“I Did the Whole Thing Right?” from Graffiti 2 Community Ministries on Vimeo.

Malachi loves playing the piano. He gets a piano lesson every week at Graffiti 2. Malachi and his whole family are a part of our programs. He has two brothers, Emmanuel and Anthony. Their foster father, Wesley, is an active volunteer.

Below is an article written by Jess Medlock about this special family.

On a recent Thursday afternoon, there was the usual flurry of activity at Graffiti 2 Community Ministries in the Mott Haven section of the South Bronx. The after school programs were going on with the GSALT (Graffiti Serving and Leading Teenagers) on the main floor and the G2 Kids downstairs. Three brothers in the program, ages 10, 11 and 13, are blessed to have their foster dad, Wesley, there serving as a parent volunteer. One thing these young guys have in common with other foster kids around the country is that they have experienced challenging and difficult situations that led to being placed in foster care. When asked about their current home life, you will hear nothing but glowing reviews, with the bulk of the positive comments being directed toward Wesley.

The boys are happy to share about things they learn at Graffiti 2, such as piano, the Bible and respect. Ten year old Anthony put it well by saying “the rules make sense.” They are equally forthcoming about the things they learn from Wesley. Eleven year old Malachi says, “If you don’t act good, he teaches you how to do better. He teaches how to learn from your mistakes.”

Wesley has been involved in foster parenting for over 20 years. He explains that a major intent of foster parenting is to hopefully return children to their birth parents, but admits that for the past five years he has been looking for the right situation to adopt. He believes that the opportunity to adopt these wonderful boys may be opening up and, while he is fully aware of the challenges of raising children as a single man, says he is ready and capable of being a parent. While many men would prefer to father their own children, Wesley has a different take on the topic. “I’m very aware of the need for fatherhood in the African-American community. My desire is more to fill that void than to have my own biological children.”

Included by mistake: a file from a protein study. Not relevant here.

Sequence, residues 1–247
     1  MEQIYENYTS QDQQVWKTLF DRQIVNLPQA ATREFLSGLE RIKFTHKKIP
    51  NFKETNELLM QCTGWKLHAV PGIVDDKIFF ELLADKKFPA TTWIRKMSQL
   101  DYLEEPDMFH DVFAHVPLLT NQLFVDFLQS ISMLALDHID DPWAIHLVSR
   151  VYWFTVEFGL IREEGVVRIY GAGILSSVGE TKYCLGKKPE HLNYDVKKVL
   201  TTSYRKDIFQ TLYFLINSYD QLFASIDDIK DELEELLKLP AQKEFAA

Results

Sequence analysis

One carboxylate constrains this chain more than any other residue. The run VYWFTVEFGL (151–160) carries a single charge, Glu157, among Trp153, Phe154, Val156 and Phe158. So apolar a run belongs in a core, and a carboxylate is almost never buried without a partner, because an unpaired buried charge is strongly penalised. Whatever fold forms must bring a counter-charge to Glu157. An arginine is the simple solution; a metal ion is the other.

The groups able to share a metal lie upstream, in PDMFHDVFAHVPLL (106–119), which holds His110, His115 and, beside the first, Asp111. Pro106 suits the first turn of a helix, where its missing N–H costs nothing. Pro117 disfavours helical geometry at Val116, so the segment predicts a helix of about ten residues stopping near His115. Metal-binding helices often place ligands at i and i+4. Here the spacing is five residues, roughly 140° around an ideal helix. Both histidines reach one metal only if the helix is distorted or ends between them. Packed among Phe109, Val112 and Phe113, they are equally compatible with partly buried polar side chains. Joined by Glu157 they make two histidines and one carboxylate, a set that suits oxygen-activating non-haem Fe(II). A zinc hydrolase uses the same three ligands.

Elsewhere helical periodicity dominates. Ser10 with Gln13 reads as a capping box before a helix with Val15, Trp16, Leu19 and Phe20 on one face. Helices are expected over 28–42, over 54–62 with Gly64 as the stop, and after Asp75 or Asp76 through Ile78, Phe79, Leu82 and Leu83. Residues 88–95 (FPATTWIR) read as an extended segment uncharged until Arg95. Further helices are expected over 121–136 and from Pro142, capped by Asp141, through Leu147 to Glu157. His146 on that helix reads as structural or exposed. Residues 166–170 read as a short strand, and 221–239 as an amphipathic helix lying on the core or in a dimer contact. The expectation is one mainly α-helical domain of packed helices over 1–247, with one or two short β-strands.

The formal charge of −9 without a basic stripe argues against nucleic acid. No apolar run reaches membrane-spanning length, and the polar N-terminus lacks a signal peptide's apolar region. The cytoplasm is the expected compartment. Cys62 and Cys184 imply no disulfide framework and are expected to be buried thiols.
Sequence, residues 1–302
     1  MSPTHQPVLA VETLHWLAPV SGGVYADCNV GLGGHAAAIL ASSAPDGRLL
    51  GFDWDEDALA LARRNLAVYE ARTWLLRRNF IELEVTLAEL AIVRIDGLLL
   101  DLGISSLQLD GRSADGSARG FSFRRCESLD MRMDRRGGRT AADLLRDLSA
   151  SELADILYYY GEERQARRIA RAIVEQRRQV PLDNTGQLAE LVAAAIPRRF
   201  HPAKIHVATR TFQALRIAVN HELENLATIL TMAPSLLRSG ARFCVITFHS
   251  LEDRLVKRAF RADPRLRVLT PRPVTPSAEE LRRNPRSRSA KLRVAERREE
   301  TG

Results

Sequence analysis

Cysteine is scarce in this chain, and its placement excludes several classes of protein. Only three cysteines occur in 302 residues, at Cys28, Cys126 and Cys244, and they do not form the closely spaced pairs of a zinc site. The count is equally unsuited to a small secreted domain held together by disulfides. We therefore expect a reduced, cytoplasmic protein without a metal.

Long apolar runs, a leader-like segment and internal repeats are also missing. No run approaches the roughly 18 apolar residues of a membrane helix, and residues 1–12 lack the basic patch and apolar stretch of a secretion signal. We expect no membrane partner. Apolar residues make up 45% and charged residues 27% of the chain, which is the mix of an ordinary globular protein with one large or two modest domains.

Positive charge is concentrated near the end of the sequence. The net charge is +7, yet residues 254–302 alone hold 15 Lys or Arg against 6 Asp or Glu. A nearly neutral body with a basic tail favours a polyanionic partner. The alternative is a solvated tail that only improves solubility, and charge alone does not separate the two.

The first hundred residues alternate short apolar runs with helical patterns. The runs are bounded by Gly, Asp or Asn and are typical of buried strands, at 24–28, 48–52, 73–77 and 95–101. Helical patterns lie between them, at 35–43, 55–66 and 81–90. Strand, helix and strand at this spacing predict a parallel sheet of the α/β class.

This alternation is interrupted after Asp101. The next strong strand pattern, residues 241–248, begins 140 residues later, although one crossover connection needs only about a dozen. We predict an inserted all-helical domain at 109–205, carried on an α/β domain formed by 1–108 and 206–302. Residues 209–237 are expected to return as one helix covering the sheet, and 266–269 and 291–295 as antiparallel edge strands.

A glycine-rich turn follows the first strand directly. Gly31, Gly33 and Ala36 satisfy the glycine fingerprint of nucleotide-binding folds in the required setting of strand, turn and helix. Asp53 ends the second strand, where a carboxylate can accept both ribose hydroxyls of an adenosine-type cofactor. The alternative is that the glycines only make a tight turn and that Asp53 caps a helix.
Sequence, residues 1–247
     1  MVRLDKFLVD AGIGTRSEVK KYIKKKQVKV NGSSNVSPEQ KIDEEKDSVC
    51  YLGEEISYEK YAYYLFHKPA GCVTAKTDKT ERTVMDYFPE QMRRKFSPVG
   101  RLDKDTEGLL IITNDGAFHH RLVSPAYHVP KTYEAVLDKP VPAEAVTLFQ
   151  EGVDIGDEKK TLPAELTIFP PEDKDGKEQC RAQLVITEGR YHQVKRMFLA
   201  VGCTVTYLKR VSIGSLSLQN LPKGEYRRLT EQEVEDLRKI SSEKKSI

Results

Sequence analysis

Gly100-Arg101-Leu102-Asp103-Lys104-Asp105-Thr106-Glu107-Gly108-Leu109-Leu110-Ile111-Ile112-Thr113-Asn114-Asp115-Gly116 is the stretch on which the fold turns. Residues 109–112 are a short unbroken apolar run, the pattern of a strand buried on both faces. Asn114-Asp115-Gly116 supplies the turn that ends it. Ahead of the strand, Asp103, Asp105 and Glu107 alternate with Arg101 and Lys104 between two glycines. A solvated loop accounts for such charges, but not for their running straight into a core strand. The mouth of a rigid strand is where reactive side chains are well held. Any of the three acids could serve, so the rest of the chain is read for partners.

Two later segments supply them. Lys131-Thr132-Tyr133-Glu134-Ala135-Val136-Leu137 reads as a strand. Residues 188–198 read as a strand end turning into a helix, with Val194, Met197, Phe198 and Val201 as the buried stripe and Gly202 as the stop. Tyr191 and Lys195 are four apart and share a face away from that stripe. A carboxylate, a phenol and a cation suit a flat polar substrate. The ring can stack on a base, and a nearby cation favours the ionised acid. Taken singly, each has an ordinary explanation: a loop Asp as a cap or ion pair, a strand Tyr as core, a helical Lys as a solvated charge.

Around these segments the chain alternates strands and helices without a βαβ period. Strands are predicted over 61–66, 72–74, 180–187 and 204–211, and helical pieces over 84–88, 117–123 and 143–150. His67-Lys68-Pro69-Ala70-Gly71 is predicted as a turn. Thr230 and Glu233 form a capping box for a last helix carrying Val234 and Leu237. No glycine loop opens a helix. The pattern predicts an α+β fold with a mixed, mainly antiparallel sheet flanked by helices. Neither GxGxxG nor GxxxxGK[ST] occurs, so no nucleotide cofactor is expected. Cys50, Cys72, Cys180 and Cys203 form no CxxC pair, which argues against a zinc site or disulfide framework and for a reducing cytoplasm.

One of the concerns Wesley has had was how he would be perceived as a single foster parent in his community, especially since traditionally, many people don’t see the father as the primary parent. To overcome those challenges, he says, “I had to adopt my community as my extended family by participating in organizations and being a visible role model as a single foster parent.”

When asked about his source of strength, Wesley says, “I’m a very spiritual person. I love God. Even before these boys, I had asked God for a family. It is so amazing that these three boys are in every way what I had asked God for and more for an adoption.”

He describes the four of them as a spiritually bonded family who has gratitude. That lines up perfectly with some of the “stuff” that ten year old Anthony says Wesley teaches them. “He teaches me gratitude. He says you should wake up grateful, thanking God.”

Pray for (from left) Emmanuel, Malachi, Wesley, and Anthony.
Pray for (from left) Emmanuel, Malachi, Wesley, and Anthony.


Graffiti 2 thanks God for Wesley and his family. Graffiti 2 is a place for families. Families of all types find a place @335Beekman. Many find a family here. If you want to support Families@335Beekman, consider participating in our Week of Giving.